Finnegan Henderson’s Aaron Gleaton (Diego M. Radzinschi/NLJ)
Our nation’s army of judicial clerks is overwhelmingly white, not unlike the judiciary it serves. Only 14 percent of federal clerks in 2009 were minorities, according to a study that year by the National Association for Law Placement (NALP) — the last time any comprehensive survey of clerk diversity was done. Minorities fared slightly better in less prestigious state court clerkships, where they filled 18 percent of the positions.
But even that was significantly lower than overall diversity of law students, which stood at 22 percent minority that year. There were only eight African-American men in federal clerkships out of a total 1,168 clerks.
“There is a deep pool of talent being overlooked,” said Richard Roberts, chief judge of the U.S. District Court for the District of Columbia, who typically hires at least one minority clerk each year. “These students may be discouraged from applying because they don’t see themselves reflected in the pool of clerks.”
Amanda Oakes, an African-American 3L at the University of Virginia, has landed a postgraduate clerkship with a federal judge next year. But plenty of her diverse classmates who were standouts on campus were shut out during the clerkship application process, she said. “I think a lot of judges tend to take clerks like themselves, and there are so few minority judges that it narrows the pool. It’s almost like an old boy’s club.”
Two clerkship placement programs sponsored by the Chicago nonprofit Just the Beginning — A Pipeline Program aim to encourage minority law students to apply and make it easier for judges to hire them. The programs place minority law students in judicial internships and clerkships, instructing them about what judges are looking for, how to compete for spots and clerking’s career benefits.
“Our goal is to provide a pool of applicants from underrepresented groups or first-generation college students who are well-versed in what it takes to be a federal clerk,” program director Laura Ramsey said. “These are some of the most competitive positions you can apply for, and more minority law students aren’t familiar with what a clerkship is and what it can do for your career.”
Oakes credits her 2012 summer internship with U.S. District Judge John Gibney Jr. with improving her legal writing and providing her with a mentor on the bench. Gibney’s recommendation letter helped her land a postgraduate clerkship with another federal judge. “It was one of the best opportunities of my life,” Oakes said. “I got to write an opinion and orders. I also got to serve as a law clerk for one day in court, which was incredible.”
Oakes secured her internship through a program called the JRC-JTB Summer Judicial Internship Diversity Project, a partnership between Just the Beginning and the Judicial Resources Committee of the Judicial Conference of the United States. Each summer, the program places minority law students into internships with federal judges — and will place 88 students with 66 different judges this year, Ramsey said.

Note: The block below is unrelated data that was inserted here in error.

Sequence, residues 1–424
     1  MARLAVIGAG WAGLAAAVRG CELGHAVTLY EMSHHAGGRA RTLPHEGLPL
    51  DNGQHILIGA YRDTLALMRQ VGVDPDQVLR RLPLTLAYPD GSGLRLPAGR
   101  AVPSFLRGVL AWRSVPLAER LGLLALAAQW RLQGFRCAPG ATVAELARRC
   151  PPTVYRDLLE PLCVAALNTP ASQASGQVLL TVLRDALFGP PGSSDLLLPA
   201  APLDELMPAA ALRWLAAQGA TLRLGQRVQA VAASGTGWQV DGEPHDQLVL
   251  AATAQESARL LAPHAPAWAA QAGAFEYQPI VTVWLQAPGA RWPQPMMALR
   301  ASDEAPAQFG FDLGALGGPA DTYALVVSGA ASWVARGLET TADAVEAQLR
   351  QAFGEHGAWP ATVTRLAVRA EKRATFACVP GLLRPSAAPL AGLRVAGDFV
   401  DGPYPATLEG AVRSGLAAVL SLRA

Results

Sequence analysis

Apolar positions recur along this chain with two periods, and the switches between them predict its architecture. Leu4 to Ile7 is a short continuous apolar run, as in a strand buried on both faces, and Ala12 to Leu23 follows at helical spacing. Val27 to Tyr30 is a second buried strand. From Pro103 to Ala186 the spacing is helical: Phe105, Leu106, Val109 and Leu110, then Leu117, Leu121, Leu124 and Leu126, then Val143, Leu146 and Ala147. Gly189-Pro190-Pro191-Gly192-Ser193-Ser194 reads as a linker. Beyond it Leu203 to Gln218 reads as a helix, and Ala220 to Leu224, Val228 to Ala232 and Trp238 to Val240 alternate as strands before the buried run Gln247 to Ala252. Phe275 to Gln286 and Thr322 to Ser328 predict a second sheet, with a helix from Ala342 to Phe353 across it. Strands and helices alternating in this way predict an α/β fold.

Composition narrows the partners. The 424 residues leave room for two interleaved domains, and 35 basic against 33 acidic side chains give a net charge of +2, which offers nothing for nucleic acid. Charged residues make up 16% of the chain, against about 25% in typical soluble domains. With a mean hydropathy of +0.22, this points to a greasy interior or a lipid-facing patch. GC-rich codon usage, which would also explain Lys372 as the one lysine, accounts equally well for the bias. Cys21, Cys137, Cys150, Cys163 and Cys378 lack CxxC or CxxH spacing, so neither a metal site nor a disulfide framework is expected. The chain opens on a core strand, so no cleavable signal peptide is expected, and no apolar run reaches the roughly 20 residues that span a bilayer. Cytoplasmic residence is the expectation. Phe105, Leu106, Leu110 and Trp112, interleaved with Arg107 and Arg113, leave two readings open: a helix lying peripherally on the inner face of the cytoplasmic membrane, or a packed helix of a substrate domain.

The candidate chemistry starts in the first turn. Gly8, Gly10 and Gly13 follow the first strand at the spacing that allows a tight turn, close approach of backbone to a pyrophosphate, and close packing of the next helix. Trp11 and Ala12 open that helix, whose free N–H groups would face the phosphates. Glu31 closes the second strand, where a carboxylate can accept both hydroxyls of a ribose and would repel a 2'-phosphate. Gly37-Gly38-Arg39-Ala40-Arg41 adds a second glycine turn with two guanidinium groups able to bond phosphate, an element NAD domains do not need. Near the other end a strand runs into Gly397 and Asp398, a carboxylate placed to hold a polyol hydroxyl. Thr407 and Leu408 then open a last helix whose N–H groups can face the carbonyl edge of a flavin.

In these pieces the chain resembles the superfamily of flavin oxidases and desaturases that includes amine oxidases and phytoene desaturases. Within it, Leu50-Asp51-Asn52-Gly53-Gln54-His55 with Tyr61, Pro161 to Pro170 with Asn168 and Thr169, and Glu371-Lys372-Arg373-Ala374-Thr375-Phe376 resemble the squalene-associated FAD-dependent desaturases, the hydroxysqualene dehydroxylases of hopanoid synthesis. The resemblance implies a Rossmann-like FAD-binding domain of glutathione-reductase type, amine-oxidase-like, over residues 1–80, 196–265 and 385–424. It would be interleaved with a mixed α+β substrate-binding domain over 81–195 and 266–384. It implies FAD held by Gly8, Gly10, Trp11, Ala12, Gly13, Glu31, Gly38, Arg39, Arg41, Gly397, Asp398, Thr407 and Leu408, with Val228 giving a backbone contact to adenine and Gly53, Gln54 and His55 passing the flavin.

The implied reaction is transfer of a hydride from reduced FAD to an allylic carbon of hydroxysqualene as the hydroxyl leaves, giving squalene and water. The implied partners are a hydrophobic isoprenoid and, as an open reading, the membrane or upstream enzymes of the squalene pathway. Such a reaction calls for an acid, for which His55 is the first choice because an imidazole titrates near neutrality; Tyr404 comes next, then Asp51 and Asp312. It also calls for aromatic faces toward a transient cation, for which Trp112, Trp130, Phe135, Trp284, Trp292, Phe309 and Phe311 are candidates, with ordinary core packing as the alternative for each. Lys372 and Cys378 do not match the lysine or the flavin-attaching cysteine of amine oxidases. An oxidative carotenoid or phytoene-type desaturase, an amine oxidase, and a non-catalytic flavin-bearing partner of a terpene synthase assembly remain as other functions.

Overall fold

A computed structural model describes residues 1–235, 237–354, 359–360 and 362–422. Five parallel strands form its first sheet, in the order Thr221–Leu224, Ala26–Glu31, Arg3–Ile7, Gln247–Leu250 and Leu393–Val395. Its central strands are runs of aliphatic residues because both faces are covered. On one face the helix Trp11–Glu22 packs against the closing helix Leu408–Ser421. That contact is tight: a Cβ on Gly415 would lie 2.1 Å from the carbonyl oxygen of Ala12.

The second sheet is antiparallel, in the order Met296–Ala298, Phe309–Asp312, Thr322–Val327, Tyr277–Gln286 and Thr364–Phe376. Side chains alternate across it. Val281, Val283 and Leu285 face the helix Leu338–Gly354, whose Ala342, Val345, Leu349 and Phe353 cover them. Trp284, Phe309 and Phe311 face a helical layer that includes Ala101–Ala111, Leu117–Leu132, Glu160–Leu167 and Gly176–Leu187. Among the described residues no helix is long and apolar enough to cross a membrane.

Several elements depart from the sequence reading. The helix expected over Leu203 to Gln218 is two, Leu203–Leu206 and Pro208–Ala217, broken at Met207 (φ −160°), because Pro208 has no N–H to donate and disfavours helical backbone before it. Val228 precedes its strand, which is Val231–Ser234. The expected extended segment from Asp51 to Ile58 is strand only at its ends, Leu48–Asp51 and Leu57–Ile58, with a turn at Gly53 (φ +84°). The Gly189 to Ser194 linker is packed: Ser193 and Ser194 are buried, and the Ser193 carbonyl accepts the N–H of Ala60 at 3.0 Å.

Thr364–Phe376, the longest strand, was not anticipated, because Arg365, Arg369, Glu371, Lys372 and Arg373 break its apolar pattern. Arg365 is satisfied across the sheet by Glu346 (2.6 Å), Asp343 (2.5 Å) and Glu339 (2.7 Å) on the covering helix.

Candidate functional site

CLEARINGHOUSE FOR JUDGES
The program serves as a clearinghouse for participating judges. Former clerks screen minority intern candidates from across the country. Those selected receive training in legal writing, research and interview skills, exposure to the courts and the chance to build relationships with judges.
Of the 150 students who have gone through the program since its 2011 start, 10 have landed postgraduate federal clerkships, Ramsey said. That might not sound like a high return to people unfamiliar with the competitive federal clerkship application process, but a nearly 7 percent success rate is far higher than for the general applicant pool, Ramsey said. “To make any progress in that positive direction is great as far as we’re concerned.”
The second clerkship program, Share the Wealth, directly places minority law graduates into clerkships with between six and eight federal judges each year. Judge Gerald Bruce Lee, who sits on the U.S. District Court for the Eastern District of Virginia, started the program in 2001 along with five other judges.
Students apply for a clerkship with all of the participating judges, and if three judges like what they see, the applicant is considered for one of 12 interview spots. The students then sit through a 20-minute panel interview with all the judges at once, each of whom selects a clerk. Interviewees who aren’t chosen may be referred to judges outside the Share the Wealth program who are looking for diverse clerks, Lee said.
“Judges are being inundated with applications — you might get 1,000 applications for two clerk positions,” Lee said. “It’s often difficult for judges to identify who in the applicant pool is from a diverse background. Our program helps identify them. We need good, high-quality candidates, and we haven’t had any problem finding competitive candidates this way.”
Clerkship applications do not ask candidates to disclose their race.
Most of the judges in the Share the Wealth program are located in Virginia and District of Columbia, but Lee hopes to see the program replicated in the Midwest and on the West Coast.
Aaron Gleaton, an associate at Finnegan, Henderson, Farabow, Garrett & Dunner, landed a clerkship with Lee in 2012 through Share the Wealth. He sees the job as an invaluable career boost that helped him understand how judges approach legal questions. Lee still maintains a mentor relationship with Gleaton.
“The clerkship application process is so competitive, and I think most students see it an almost an unattainable position,” Gleaton said. “I think some minority students take themselves out of the competition early on for that reason. But it’s important that people who come into the courthouse see people like us behind the bench.”
Contact Karen Sloan at email@example.com.